Worcester, Mass.
April 21, 1996

UNH is New England's best hope

By Lynne Tolman

    The University of New Hampshire is shaping up as New England's best hope for team honors in the Eastern Collegiate Cycling Championships next weekend.

    With a road race Saturday in Grafton, team time trial Sunday in Concord and criterium later Sunday in Somerville, the championships are expected to draw about 300 racers from more than 30 college teams, according to organizer Mark Abramson from the host school, Tufts University.

    UNH won April 6 at Williams College in Williamstown -- the only collegiate race in New England before the Easterns -- and at Rensselaer Polytechnic Institute in Troy, N.Y., the next day, when it was snowing.

    After last weekend's four-stage Army Spring Classic at West Point in New York, the leading teams in the National Collegiate Cycling Association's Eastern Conference were UNH, the University of Pennsylvania, Pennsylvania State University and the University of Massachusetts in Division I, and Vassar College, the U.S. Military Academy (Army) and Bucknell University in Division II.

    UNH finished second overall to UPenn at the Army race despite an illness that affected several team members. Craig Mathern, a four-time Pennsylvania juniors state champion when he was growing up in Pittsburgh, boosted UNH's standing with a sixth-place finish in the criterium.

    UNH rookies Sarah Foulkes from Deerfield, N.H., and Celeste Young from Lenox placed second in the women's team time trial. Young, making a smooth transition from the cross-country ski team, was third in the road race, crit and individual time trial. Foulkes, better known on the mountain bike circuit, quickly gained respect on the road this spring with a second-place finish at RPI and third place at Williams. But all season, all the women have been chasing Army's Dena Wright.

    Next weekend, Mathern said, UNH is "looking to win it. UPenn is definitely a team to beat. Army is a team to be reckoned with, and Penn State is a big threat for us." Penn State has the current national collegiate champion, Stephan Kincaid.

    Individuals from other teams could be spoilers. Boston College has doctoral student Greg Swinand, a Shrewsbury High School graduate who brings laurels to the Worcester-based O'Neil's team every year in USCF racing. Swinand placed third in the Army crit, third at Williams and 10th at RPI, the only collegiate races he entered this year.

    And UMass has Chris McDonald from Hamden, who broke away with an RPI rider to win the Army criterium. McDonald does USCF racing with the Worcester-based Hot Tubes team, and as a junior won two events in the Killington Stage Race in Vermont last summer.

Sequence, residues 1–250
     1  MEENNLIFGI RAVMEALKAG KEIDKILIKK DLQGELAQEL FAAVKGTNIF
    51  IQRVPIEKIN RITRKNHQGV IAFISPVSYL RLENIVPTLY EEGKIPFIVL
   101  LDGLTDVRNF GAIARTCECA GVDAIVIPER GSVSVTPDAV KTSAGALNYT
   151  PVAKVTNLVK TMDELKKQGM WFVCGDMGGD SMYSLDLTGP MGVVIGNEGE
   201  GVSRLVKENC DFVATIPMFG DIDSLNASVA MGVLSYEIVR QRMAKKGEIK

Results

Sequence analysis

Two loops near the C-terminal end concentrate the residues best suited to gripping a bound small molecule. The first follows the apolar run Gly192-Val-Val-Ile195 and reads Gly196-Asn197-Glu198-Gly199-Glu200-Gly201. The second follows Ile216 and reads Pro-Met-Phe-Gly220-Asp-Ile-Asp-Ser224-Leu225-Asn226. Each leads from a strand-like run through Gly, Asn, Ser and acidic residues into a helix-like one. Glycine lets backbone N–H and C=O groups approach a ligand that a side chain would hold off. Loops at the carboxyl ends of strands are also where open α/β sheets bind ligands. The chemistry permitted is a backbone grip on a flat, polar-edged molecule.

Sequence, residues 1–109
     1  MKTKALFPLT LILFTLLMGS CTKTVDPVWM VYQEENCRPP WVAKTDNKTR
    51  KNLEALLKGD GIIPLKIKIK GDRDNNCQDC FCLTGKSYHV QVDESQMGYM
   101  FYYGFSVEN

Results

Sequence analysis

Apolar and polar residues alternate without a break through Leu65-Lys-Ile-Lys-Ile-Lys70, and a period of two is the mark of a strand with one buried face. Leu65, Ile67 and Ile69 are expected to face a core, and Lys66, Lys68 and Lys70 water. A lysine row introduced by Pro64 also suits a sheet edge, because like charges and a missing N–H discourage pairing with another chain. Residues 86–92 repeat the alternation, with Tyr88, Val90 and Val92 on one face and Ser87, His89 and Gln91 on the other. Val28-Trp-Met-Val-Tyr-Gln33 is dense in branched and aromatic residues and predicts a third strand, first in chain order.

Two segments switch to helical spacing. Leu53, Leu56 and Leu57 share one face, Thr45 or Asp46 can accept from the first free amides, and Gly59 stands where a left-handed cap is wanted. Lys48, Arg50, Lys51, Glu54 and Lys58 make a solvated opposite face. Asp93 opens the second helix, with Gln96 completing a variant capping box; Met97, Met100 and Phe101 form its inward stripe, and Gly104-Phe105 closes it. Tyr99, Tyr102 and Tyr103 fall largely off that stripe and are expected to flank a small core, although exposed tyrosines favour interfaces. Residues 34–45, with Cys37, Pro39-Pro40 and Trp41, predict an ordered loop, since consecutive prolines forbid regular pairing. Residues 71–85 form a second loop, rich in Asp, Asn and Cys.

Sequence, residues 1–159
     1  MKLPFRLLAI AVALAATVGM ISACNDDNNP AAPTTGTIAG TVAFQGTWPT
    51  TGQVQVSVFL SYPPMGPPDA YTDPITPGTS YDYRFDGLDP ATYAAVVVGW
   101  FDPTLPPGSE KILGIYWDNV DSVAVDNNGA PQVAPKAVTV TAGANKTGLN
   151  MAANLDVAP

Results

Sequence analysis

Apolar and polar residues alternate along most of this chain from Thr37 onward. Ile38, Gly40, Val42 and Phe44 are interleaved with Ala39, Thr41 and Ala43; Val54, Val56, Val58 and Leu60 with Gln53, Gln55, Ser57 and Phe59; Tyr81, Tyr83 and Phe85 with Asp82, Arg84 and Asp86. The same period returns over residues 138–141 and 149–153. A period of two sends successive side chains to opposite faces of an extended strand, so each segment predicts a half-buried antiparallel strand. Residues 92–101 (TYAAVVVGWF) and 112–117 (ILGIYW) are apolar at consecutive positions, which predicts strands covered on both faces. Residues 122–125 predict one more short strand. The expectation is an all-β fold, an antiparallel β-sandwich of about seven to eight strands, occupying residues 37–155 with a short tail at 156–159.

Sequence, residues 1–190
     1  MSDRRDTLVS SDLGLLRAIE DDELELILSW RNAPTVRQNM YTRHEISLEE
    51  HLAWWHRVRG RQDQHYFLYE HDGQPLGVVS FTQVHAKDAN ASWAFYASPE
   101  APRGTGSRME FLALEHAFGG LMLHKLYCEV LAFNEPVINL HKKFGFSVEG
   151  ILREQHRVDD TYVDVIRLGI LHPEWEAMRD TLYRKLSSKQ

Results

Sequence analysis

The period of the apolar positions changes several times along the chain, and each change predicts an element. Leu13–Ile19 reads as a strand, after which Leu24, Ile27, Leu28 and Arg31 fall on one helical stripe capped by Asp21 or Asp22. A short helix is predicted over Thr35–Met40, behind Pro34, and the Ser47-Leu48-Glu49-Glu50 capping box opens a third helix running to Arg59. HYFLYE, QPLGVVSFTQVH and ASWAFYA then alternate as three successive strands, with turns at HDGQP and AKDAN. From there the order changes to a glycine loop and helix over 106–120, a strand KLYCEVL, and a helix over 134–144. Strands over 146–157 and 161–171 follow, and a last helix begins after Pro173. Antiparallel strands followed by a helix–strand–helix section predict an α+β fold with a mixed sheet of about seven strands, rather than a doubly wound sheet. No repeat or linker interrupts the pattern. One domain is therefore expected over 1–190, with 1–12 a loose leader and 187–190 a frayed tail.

McDonald said in the men's category A race, he'll be watching out for Vassar riders Wyatt Korff and Greg Donofrio. "They're very strong and have a team that can get them to the line first," he said.

    The Grafton-Westboro course is rolling, with some "nasty little corners" but no heartbreaking hills, Abramson said after biking it Monday. The climb on Brigham Hill Road in Grafton will "shake 'em up a little bit, but I don't know if it's going to be a deciding factor," he said. Women will race 26 or 52 miles, and men will race 26, 39, 52 or 78 miles.

    The action starts at 9 a.m. Saturday at Tufts University School of Veterinary Medicine on Route 30. The men's A and B and women's A races start about 11 a.m. and should finish by 3 p.m.

[Editor's note: Swinand won the men's A road race, and Wright won the women's A road race. UNH clinched first place in Division 1.]
    Women's racing in New England is getting a boost this year from the Women's Category 4 Challenge Series, sponsored by Boston Sports Supplement. By offering cash prizes of $10 to $100 to beginner-level women who amass points at existing USCF races, the series organizers hope to encourage larger women's fields and give Cat. 4 women more opportunities to compete against racers at the same level.

    Because women's fields tend to be small, race promoters often lump several women's categories together, and the Cat. 4's don't stand a chance. Each of the 18 races in the new series will have a separate Cat. 4 women's start. "The series is a way to break the cycle of too few women participants and too few races," said organizer Gerri Moriarty of Hudson, N.H. (603-886-4908).

    The prize purse totals $1,530 for three categories: overall, under 21, and 35 and over.

    The first race in the series is next Sunday in Falmouth, Maine. Local races in the series are the Sterling Road Race on May 11, the Fitchburg Longsjo Classic July 4-7 and the Marlboro Circuit Race on Aug. 17.
    TIP OF THE HELMET -- To Frank McCormack of Leicester, in his second season with the Saturn pro team, for winning Stage 7 of the Niedersachsen-Rundfahrt race in Germany last week. McCormack, 26, also won two stages in the Tour of Texas, and his brother Mark, 25, also with Saturn, won one. According to The Ride magazine, Frank McCormack will not race in the Tour DuPont next month because he's saving his strength for the Olympic trials in June.

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